Monday, January 12, 2009

A character without a discernible personality or direction

You're a mean one, Princess Grinch

Looks like it's been a while since I cleared out my Wonder Woman links. First Martin Klasch wonders why Wonder Woman and her fellow JSA members are gleefully swiping Christmas presents from sleeping children...

"Prisoner of Christmas Island"

Superheroes R Us has the answer. She must have been horribly, emotionally scarred after her experiences on Christmas Island.

(And the Andrews Sisters make it sound like such a delightful place.)

(There's a valkyrie in the story too. The Wonder Woman one; not the Andrews Sisters. Though their's would have been much cooler with a Norse Death Angel as well.)

"Shocker": Wonder Woman Companion cancelled

Illustration by Roberto Campus.

If you'll pardon a brief moment of whining, one of the frustrating things about having an under-read blog is that you can notice something in October, but no one pays attention until a wider-read blog finally notices two months later. That's not at all a complaint about Johanna; just lamenting a sad fact that's no one's fault.

Related Whine: Johanna wonders if DC had something to do with the bad news, saying, "It wouldn’t be the first time that they pulled a cease-and-desist on a fan project that was more complete than what they were putting out." I noticed in July that Phil Jimenez is working on an official Wonder Woman Encyclopedia. So, yes, DC's got a similar project in the works and maybe that's why they wouldn't endorse TwoMorrows' version. But based on Jimenez's devotion to the character and comments about the research he's doing for his book: no, I seriously doubt it's less complete than TwoMorrows'.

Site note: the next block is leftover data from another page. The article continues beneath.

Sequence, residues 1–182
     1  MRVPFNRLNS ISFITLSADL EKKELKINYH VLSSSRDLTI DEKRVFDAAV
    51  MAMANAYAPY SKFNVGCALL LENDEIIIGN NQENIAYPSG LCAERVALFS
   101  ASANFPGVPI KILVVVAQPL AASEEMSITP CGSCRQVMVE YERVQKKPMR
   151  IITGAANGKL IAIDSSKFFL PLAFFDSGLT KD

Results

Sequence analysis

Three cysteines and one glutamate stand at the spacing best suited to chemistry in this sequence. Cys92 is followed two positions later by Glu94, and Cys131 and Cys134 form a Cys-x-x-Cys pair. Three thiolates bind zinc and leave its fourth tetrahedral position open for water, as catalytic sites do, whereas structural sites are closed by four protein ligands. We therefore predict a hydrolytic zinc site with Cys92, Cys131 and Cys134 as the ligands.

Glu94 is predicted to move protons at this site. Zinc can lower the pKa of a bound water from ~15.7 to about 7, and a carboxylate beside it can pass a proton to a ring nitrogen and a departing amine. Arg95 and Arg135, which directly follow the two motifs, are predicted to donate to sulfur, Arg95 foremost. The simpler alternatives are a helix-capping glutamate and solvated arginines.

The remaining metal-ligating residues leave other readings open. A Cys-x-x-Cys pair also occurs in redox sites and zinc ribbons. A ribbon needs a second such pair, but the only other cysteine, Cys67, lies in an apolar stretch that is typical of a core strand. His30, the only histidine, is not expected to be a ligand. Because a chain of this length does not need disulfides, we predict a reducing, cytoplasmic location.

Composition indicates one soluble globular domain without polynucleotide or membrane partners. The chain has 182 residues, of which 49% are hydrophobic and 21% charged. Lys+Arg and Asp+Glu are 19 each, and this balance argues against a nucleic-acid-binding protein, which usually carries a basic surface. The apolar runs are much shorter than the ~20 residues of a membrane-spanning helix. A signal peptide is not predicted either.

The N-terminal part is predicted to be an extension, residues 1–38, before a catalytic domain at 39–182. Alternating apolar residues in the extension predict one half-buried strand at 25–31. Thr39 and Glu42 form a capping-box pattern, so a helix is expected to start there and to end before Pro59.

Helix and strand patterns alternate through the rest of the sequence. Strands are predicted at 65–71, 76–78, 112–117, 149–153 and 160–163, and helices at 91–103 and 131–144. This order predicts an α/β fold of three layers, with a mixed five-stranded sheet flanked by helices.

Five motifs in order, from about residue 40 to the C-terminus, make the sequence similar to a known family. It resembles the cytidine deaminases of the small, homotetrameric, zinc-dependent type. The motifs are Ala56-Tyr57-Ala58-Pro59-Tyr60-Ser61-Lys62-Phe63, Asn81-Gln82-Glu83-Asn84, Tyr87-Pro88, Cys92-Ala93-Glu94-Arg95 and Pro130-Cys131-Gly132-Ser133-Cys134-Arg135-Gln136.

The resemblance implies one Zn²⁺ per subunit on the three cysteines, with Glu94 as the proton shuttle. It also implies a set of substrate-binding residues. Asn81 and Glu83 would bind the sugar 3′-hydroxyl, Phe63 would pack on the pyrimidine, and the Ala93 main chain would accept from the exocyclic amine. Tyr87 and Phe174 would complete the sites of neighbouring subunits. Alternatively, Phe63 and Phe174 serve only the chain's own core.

"A character without a discernible personality or direction"

I thought for about five seconds about making this the Quote of the Week, but I decided it fits better here.
Wonder Woman has often been derided as a character without a discernible personality or direction … at least beyond “high-minded ambassador/heroine charged with bringing peace to Man’s World through violence.”

Nothing, however, could be [further] from the truth. The Amazing Amazon, as written by creator William Moulton Marston and illustrated by Harry G. Peter, has greater depth and drive than a dozen Batmen. The only problem is that Marston’s views on a woman’s role in society was so … *ahem * … “personal” that subsequent creators have never been able to - or dared - take to their logical conclusion.
--The Fortress Keeper, wisely pointing out something so obvious that it's incredible no one ever noticed it before.

It also means that we can probably throw out Golden Age Wonder Woman as being at all informative of how Wonder Woman ought to be written today.

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